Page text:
The universe is infinite but the human mind is curious enough to make all the possibilities finite. To unlock these possibilities of unexplored worlds, researchers have now tapped the potential of artificial intelligence to get a sneak peek into the mysterious life of stars.
Using AI and sound waves, astronomers have now been able to study hidden facts of stars such as age, composition and more. In a recent study, researchers have considered stars as vibrating balls of plasma held together by their own gravity. They were able to study the internal state of a star by looking at vibrations that propagate from the core of its surface. They also used deep neural networks to generate some interesting insights.
Over the last few years, researchers have been able to bring tremendous progress in stellar physics because of the increased application of asteroseismology. The researchers have developed a novel method based on machine learning principles to achieve optimal initiation of CPU-intensive computations for forward asteroseismic modelling. They trained a deep neural network on a precomputed asteroseismology grid containing about 62 million coherent oscillation-mode frequencies derived from stellar evolution models.
Understanding Sound Waves
The research is based on the basic premise that every star is a dynamic, vibrating maelstrom of intense frenetic activity with varying temperatures from its core to the outside. The star body gets all the heat from the inside to outside, where it desperately wants to go. While stars usually exist in a state of equilibrium, any slight disturbance can result in slight bumps and wiggles on the surface. Researchers have referred to these wiggles as sound waves as they produce vibration inside them, of varying duration.
These vibrations can reveal information such as how old it is, what percentage of heavier elements swim around inside it, how various internal layers are connected and more. The vibrations are essentially caused by starquakes (similar to earthquake), that creates sound with specific frequencies that help in deducing how big the star is. These vibrations are analysed in computers using physics to deduce how stars work on the inside. Researchers could also pinpoint about the magnetic fields, the relationship between rotation and heat transfer, and more.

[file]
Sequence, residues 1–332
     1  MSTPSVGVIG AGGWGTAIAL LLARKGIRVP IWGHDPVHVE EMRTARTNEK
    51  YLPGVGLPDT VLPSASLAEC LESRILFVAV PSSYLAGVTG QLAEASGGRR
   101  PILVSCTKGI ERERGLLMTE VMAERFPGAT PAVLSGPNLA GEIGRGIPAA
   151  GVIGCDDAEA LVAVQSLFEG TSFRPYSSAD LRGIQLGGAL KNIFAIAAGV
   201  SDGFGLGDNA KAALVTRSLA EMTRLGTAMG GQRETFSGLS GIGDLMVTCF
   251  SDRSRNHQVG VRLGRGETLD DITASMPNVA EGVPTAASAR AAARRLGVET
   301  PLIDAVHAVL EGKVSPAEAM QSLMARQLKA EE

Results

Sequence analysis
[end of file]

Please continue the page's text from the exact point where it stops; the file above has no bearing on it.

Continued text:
Stellar AI Play
The researchers developed an optimal deep learning tool to gain computational efforts. Neural networks, especially Deep Neural Networks (DNN) have received a lot of traction in recent times because of the advancements in computer vision and NLP. The large datasets and good processing power ensure high accuracies on many different types of computational problems.
The researchers explored this space and trained DNN on an asteroseismological grid of intermediate-mass and high-mass stars to predict the frequencies of their coherent oscillation modes. The neural network architecture used in this work is a fully connected or dense network.
The researchers trained a deep neural network on an asteroseismological model grid containing more than 60 million theoretically predicted oscillation modes. Once it was trained, it was applicable to all stars within the grid of the training set. “This took around six hours on a Nvidia GTX 1080. By using a genetic algorithm over this trained neural network to find the maximum likelihood one can successfully find appropriate regions for the stellar parameter,” noted researchers in the paper.
As these activities of the star are captured, the simulations of star activity are fed on the systems on the computer models that collect and synthesize information about stars, to an AI network. This network absorbs the information to find a relationship between internal variables such as stellar mass, age, vibration patterns visible on their surfaces and more.
The AI takes the sound wave data and compares it to the simulations to reveal interesting insights about the star which may be used by researchers studying stars to make breakthrough developments. The researchers hope that with AI they might be able to analyse raw stellar sound wave data quicker than human. They have trained a neural network on the simulations, allowing it to discover all the subtle relationships between model input parameters such as the mass of the star, metallically, etc. and vibration patterns on the surface. Using the information generated they would use algorithms to look at real stars for further research.
While the use of AI in detecting personal details of stars is quite new, it holds some strong potential in the future. The researchers concluded that while the DNN prediction is not perfect, it reveals regions to focus for more detailed screening. This method is therefore suitable as a first sampling strategy to constrain the possible complex parameter space. Indeed, the results of the network can be used as a seed point for more advanced applications of forward asteroseismic modelling. This technique is still in its infancy when it comes to asteroseismology, but opens up a promising future for mining through stellar samples, understanding how stars work on the inside.
In a previous study, researchers used an AI-based program to identify billions of stars. The
researchers from the University of Illinois created a star-galaxy classification framework that utilises neural networks for all the heavy lifting. They made use of deep convolutional neural network on data fetched from various sources to compile accurate classifications that are competitive with more conventional machine learning techniques.